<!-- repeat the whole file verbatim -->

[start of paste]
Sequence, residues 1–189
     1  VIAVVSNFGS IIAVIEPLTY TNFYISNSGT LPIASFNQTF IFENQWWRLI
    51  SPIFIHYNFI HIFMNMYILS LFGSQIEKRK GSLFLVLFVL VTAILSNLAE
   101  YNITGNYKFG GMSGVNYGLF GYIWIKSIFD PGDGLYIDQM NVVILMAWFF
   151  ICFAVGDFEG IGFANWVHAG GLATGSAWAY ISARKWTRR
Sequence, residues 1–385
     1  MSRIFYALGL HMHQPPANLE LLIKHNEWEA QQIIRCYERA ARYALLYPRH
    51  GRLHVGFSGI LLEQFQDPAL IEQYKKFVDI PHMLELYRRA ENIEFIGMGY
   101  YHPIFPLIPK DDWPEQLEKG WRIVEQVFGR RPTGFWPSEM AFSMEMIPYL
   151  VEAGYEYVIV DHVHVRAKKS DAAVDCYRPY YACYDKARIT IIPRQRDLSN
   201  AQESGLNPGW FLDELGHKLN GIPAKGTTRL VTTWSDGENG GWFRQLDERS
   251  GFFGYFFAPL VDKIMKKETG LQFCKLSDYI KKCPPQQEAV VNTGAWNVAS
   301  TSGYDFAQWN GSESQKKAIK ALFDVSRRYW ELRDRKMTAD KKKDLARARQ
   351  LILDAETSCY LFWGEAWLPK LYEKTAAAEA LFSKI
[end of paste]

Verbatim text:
Sequence, residues 1–189
     1  VIAVVSNFGS IIAVIEPLTY TNFYISNSGT LPIASFNQTF IFENQWWRLI
    51  SPIFIHYNFI HIFMNMYILS LFGSQIEKRK GSLFLVLFVL VTAILSNLAE
   101  YNITGNYKFG GMSGVNYGLF GYIWIKSIFD PGDGLYIDQM NVVILMAWFF
   151  ICFAVGDFEG IGFANWVHAG GLATGSAWAY ISARKWTRR
Sequence, residues 1–385
     1  MSRIFYALGL HMHQPPANLE LLIKHNEWEA QQIIRCYERA ARYALLYPRH
    51  GRLHVGFSGI LLEQFQDPAL IEQYKKFVDI PHMLELYRRA ENIEFIGMGY
   101  YHPIFPLIPK DDWPEQLEKG WRIVEQVFGR RPTGFWPSEM AFSMEMIPYL
   151  VEAGYEYVIV DHVHVRAKKS DAAVDCYRPY YACYDKARIT IIPRQRDLSN
   201  AQESGLNPGW FLDELGHKLN GIPAKGTTRL VTTWSDGENG GWFRQLDERS
   251  GFFGYFFAPL VDKIMKKETG LQFCKLSDYI KKCPPQQEAV VNTGAWNVAS
   301  TSGYDFAQWN GSESQKKAIK ALFDVSRRYW ELRDRKMTAD KKKDLARARQ
   351  LILDAETSCY LFWGEAWLPK LYEKTAAAEA LFSKI